We've seen a flurry of activity a week removed from the trade deadline. The Tigers picked up Anibal Sanchez and Omar Infante. The Yankees added Ichiro Suzuki. The Dodgers nabbed Hanley Ramirez. The Astros made three deals in four days. We're sure to see more in the days ahead, as teams still in divisional and Wild Card races look to snag that final piece of the puzzle.
It's important to keep some perspective on the impact of these deals. MLB isn't the NBA or NFL, where one player can have a disproportionate impact on the outcome of a game or a season. The Colts lost their quarterback and went from a Super Bowl contender to the first pick in the draft. The Cavaliers lost a single free agent and slipped from title contender to afterthought. In baseball, you can't get your best player extra at-bats or ensure that the ball will be hit to your best fielder with the game on the line. You can only use your best pitchers so often, and even the one part of the game where teams can map usage to situations -- relief pitching -- finds that player impact is limited by the number of innings relievers throw.
When sabermetricians looked to evaluate how much value a single player could have, they found it was generally less than expected. In modern baseball, the best players in a given league tend to be worth about eight to nine wins a year, with some exceptions, and about 18 players a year -- less than one per team -- are worth six wins a year. Here's the breakdown for 2001-2011, using Baseball-Reference's Wins Above Replacement metric:
These numbers are important because they set a reasonable upper limit on how much you can improve your team with a single midseason trade. A six-win player projects to be worth two wins over the final two months of the season, so if you're adding a star and using him to cover for replacement-level performance, you can expect to be two wins better -- and that's a pretty extreme scenario. It's actually worse than it looks here, because players having better than six-win seasons rarely are traded during their big year. The only player among the 88 7.0-win-and-up seasons to play for more than one team was Mark Teixeira, who went from the Braves to the Angels at the deadline in 2008.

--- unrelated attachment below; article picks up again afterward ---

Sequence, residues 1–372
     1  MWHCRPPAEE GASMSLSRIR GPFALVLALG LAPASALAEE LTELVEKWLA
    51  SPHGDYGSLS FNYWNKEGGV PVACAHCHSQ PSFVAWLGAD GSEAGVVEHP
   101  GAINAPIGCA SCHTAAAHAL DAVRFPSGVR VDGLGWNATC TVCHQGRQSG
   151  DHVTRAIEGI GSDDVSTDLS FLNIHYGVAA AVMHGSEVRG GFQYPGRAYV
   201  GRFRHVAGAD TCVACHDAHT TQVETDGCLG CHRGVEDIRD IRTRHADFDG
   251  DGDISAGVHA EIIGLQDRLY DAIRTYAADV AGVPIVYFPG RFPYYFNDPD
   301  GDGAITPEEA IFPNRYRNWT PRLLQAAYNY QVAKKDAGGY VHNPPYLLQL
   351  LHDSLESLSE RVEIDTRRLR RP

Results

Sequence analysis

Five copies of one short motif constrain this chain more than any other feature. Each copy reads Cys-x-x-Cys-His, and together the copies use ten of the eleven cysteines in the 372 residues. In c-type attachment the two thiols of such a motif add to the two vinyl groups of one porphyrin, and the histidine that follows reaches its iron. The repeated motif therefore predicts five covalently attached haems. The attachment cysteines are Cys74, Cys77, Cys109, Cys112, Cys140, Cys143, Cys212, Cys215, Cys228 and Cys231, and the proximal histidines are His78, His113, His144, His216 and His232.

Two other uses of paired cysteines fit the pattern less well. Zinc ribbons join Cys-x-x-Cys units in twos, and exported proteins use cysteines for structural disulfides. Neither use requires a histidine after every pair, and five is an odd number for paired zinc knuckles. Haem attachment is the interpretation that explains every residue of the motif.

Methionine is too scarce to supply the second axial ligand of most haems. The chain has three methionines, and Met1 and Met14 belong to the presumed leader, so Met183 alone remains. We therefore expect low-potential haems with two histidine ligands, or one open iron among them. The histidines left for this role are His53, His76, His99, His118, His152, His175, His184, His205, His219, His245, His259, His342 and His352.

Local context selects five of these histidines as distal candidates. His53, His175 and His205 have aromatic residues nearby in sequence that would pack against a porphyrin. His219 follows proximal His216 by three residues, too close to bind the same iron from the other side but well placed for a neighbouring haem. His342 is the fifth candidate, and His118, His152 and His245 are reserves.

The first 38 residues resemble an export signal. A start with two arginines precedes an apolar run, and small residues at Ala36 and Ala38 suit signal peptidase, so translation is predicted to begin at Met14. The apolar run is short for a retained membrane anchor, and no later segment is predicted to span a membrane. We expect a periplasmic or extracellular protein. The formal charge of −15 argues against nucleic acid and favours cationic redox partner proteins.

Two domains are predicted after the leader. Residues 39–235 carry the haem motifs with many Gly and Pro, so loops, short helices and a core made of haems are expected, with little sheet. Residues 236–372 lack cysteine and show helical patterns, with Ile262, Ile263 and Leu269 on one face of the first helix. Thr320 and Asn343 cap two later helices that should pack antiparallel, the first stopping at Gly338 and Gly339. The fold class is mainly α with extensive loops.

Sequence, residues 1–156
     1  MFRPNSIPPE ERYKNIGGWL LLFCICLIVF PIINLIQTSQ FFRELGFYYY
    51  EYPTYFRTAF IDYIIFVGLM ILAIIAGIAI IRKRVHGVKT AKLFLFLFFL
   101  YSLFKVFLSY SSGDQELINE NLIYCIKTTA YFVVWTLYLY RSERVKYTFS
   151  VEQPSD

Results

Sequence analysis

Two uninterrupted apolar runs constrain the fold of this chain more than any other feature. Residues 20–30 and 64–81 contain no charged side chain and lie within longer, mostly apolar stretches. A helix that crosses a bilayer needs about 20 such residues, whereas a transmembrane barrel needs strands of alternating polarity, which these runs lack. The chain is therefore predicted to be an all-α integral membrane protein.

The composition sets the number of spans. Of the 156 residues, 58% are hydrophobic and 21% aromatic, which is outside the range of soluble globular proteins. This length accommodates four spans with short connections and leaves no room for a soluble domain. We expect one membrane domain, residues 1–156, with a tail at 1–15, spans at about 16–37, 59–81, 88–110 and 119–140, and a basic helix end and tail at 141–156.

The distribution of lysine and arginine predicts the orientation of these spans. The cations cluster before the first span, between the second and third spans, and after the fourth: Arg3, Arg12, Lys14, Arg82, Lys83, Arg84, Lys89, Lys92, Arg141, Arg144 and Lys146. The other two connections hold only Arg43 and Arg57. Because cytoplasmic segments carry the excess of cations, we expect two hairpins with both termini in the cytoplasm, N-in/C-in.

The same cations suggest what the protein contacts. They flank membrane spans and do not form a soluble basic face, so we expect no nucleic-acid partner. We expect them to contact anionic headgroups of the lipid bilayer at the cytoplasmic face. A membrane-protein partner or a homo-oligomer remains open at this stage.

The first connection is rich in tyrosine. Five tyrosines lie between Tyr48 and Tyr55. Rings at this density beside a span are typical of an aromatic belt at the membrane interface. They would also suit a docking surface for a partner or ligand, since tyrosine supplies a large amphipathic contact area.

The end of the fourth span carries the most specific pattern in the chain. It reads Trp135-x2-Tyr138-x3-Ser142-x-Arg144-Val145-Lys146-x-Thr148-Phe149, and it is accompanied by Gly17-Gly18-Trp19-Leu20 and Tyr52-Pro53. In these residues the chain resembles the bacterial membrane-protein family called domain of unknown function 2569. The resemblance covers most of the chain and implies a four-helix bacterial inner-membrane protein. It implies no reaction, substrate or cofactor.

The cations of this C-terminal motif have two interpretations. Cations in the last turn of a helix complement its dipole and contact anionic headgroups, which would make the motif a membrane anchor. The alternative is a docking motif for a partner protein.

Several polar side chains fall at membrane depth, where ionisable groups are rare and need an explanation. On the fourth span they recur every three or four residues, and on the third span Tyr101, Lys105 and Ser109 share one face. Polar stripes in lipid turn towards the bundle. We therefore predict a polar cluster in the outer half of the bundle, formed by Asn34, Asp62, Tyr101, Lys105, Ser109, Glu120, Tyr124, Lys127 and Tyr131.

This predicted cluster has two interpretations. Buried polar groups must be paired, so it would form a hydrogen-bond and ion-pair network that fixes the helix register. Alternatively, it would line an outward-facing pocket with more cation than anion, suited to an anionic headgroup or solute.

Now, players aren't stat-generating robots, so what we're dealing with here is projection and expectation. The natural variance of player performance means that sometimes you'll make a trade that is supposed to make you two wins better -- like the Dodgers with Ramirez -- and the player you acquire has a big two months and you get more than you expected. In 1998, the Astros acquired Randy Johnson to anchor their starting rotation, and got a ridiculous 11 starts of 1.28 ERA performance. It can go the other way, too. In 2009, the Yankees traded for Lance Berkman to bolster their lineup, only to get one homer in 123 plate appearances as Berkman couldn't adjust to the DH role.
The Tigers and the Dodgers have done well to make themselves two wins better in-season. What other players are out there who could have the same impact on a new team, should they be traded?